Greene’s clarity of line, his alternately blithe and moody palette, and his mania for picturesque detail recall the work of early-20th-century illustrators of fairy tales and children’s books. Boys and their dogs are much in evidence, and Greene’s titles often evoke childhood reading—Happyland, 1985, for example, a dreamy idealization of Central Park in which one is more likely to encounter dancers than muggers and rapists, or Wendy and the Lost Girls, 1988, or We Set Off in High Spirits, 1986. The last named is a personal favorite: a young man in boxer shorts has tossed a deep blue beach ball into the air, and a naked woman, holding a jump rope, walks toward him across a shade-striated lawn from a Palladian pavilion in the background. These insouciant adults seem to exist in a completely innocent and carefree world (their own idealized childhood perhaps), but the figures are tiny and the painting is dominated by the great masses of roughly scrubbed-in, dark bluish foliage that tower against a pale yellow sky far above them. As in Watteau and Fragonard, these trees of late August or early September imbue the whole scene with a sense of transience and impending loss. This is the pathos that necessarily infects all art that frankly celebrates pleasure. How long can the idyll last? What will happen when the ball returns to earth?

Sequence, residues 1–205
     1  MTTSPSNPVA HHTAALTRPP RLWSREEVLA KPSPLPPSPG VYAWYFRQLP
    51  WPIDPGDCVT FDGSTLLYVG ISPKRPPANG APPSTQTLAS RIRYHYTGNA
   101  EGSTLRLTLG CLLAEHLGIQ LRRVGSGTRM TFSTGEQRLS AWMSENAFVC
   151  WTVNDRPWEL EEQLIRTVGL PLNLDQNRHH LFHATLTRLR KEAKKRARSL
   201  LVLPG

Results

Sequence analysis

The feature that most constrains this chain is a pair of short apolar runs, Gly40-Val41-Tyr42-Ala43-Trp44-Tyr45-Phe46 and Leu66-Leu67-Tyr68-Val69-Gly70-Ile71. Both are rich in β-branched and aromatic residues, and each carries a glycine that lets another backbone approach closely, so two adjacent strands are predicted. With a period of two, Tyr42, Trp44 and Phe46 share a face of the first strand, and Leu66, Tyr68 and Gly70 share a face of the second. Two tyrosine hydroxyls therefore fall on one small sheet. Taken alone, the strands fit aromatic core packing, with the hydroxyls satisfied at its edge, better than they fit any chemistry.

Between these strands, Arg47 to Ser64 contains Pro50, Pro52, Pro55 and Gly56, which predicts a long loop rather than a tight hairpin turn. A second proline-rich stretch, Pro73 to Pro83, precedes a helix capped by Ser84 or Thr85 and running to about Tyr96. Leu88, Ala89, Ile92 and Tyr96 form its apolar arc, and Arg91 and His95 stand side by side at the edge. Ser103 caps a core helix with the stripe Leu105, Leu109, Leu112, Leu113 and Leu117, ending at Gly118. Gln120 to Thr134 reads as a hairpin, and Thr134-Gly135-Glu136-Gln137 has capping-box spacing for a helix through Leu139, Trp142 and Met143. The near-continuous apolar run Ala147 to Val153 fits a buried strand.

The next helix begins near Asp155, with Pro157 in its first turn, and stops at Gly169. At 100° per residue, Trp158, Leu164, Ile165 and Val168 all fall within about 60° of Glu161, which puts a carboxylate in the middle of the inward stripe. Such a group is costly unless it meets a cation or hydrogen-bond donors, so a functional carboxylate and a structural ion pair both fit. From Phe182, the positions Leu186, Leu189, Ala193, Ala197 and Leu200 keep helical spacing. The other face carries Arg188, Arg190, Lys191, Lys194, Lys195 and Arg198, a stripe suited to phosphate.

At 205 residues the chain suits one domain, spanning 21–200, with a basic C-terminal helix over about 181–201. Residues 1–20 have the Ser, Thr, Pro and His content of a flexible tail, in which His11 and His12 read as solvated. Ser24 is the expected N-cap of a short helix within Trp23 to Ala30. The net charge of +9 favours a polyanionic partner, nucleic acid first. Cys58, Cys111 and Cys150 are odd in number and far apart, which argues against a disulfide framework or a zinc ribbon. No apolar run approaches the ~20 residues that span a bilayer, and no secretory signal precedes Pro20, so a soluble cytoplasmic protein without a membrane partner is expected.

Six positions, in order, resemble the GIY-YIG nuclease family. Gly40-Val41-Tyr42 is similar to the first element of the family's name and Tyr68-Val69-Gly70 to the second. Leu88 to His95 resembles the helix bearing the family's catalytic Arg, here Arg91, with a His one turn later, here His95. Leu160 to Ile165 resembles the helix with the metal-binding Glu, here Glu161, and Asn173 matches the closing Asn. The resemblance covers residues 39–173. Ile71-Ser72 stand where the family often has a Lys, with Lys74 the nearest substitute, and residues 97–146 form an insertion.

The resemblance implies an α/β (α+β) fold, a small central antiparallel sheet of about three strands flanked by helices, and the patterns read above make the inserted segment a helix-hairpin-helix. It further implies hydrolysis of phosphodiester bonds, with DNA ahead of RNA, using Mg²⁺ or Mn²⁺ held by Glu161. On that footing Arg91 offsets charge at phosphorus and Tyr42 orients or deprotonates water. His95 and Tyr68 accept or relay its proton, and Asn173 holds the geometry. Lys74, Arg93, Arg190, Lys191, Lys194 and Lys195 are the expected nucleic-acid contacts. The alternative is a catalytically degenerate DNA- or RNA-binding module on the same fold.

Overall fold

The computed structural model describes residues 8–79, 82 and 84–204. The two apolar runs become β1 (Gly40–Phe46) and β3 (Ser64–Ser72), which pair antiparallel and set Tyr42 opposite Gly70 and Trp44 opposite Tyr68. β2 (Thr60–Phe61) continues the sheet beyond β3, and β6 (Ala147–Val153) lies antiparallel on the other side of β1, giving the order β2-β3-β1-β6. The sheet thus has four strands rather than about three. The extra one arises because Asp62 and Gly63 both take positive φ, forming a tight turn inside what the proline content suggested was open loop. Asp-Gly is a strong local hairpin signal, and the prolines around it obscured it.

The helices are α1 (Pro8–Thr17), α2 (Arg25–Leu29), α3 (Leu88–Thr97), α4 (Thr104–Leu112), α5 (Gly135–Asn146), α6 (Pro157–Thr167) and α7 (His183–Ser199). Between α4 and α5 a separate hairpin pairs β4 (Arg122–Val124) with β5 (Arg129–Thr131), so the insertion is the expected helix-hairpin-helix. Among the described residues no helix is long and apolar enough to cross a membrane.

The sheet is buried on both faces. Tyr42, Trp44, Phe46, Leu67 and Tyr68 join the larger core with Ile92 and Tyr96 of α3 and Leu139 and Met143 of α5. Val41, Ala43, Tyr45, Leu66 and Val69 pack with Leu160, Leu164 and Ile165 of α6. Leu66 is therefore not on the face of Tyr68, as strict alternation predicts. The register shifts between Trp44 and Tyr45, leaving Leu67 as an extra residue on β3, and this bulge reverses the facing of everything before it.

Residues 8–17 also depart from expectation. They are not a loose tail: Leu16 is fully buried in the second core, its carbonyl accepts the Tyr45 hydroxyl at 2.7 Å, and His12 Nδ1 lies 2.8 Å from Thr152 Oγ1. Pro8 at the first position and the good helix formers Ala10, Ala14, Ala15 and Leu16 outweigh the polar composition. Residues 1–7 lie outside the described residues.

We Set Off in High Spirits is unusual in one respect: Greene’s cast of characters is typically much larger, and his implied narratives are correspondingly more complex. The cast includes Greene himself, his friends, acrobats, figures from commedia dell’arte, musicians, happy children, whole tribes of well-bred and companionable dogs (especially borzois, collies, and poodles), and parades of women in ’60s haute couture. Greene once worked for a fashion photographer, but this does not entirely explain his ’60s fashion complex. It is explained, I think, by the presiding presence of his glamorous mother Eve—whom Greene has compared to Lee Radziwill—and her “very theatrical” twin sister, his Aunt Lenore. It is no accident that their names suggest myth and late-Romantic symphonic poems. These are the two Graces of Greene’s world. The parade of mannequins on an island in a lake that is the focus of Black Swans, 1985, is surely a wry evocation of Eve and Lenore as they must have appeared to Greene at the age of ten. Like many another 20th-century artist he has gone in search of lost time, but in this case we should perhaps resist the allure of Proustian or Freudian exegesis, and accept that, for Greene, the act of painting is “like reading poetry in an abstract way.” His paintings are not earnest exercises in self-analysis or episodes from a roman à clef: they are part of a single, evolving, poetic autobiography in which we can detect themes but no plot.